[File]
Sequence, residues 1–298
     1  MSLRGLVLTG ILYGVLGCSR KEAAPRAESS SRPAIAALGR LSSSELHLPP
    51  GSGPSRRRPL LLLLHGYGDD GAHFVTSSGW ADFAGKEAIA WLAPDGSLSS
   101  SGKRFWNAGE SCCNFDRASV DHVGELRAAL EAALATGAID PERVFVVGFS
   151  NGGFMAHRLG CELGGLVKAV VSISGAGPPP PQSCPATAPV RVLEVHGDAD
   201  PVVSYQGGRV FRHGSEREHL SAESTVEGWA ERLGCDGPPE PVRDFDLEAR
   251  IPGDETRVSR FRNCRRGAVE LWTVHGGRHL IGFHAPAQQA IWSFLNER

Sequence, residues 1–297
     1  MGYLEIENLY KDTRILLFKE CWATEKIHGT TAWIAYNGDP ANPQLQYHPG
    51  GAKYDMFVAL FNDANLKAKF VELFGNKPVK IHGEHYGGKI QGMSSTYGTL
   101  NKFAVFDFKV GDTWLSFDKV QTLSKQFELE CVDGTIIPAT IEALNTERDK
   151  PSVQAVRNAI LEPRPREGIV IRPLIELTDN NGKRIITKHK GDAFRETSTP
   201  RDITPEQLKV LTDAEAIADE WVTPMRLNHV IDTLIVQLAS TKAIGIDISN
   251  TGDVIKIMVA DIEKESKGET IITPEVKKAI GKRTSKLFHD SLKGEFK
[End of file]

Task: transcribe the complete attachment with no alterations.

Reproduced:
Sequence, residues 1–298
     1  MSLRGLVLTG ILYGVLGCSR KEAAPRAESS SRPAIAALGR LSSSELHLPP
    51  GSGPSRRRPL LLLLHGYGDD GAHFVTSSGW ADFAGKEAIA WLAPDGSLSS
   101  SGKRFWNAGE SCCNFDRASV DHVGELRAAL EAALATGAID PERVFVVGFS
   151  NGGFMAHRLG CELGGLVKAV VSISGAGPPP PQSCPATAPV RVLEVHGDAD
   201  PVVSYQGGRV FRHGSEREHL SAESTVEGWA ERLGCDGPPE PVRDFDLEAR
   251  IPGDETRVSR FRNCRRGAVE LWTVHGGRHL IGFHAPAQQA IWSFLNER

Sequence, residues 1–297
     1  MGYLEIENLY KDTRILLFKE CWATEKIHGT TAWIAYNGDP ANPQLQYHPG
    51  GAKYDMFVAL FNDANLKAKF VELFGNKPVK IHGEHYGGKI QGMSSTYGTL
   101  NKFAVFDFKV GDTWLSFDKV QTLSKQFELE CVDGTIIPAT IEALNTERDK
   151  PSVQAVRNAI LEPRPREGIV IRPLIELTDN NGKRIITKHK GDAFRETSTP
   201  RDITPEQLKV LTDAEAIADE WVTPMRLNHV IDTLIVQLAS TKAIGIDISN
   251  TGDVIKIMVA DIEKESKGET IITPEVKKAI GKRTSKLFHD SLKGEFK